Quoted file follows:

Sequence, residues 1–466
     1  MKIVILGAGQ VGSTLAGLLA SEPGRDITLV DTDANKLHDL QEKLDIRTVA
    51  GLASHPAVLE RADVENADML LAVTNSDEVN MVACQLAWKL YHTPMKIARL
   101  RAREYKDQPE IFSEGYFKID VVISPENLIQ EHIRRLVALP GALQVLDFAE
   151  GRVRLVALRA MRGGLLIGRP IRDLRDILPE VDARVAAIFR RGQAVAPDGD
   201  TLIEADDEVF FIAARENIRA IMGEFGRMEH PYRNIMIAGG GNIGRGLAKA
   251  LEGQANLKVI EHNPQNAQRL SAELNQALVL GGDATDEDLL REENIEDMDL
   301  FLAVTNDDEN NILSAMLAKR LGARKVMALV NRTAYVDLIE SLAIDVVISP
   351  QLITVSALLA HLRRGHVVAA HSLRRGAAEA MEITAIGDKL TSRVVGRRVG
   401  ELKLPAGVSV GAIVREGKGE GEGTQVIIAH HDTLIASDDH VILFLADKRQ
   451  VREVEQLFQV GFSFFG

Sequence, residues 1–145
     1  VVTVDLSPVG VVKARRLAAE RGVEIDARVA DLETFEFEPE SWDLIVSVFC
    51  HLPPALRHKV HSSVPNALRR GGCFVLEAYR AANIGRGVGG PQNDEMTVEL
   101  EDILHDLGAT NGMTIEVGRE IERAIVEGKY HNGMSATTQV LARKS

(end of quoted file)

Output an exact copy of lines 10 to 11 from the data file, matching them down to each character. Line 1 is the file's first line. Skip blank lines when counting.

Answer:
   401  ELKLPAGVSV GAIVREGKGE GEGTQVIIAH HDTLIASDDH VILFLADKRQ
   451  VREVEQLFQV GFSFFG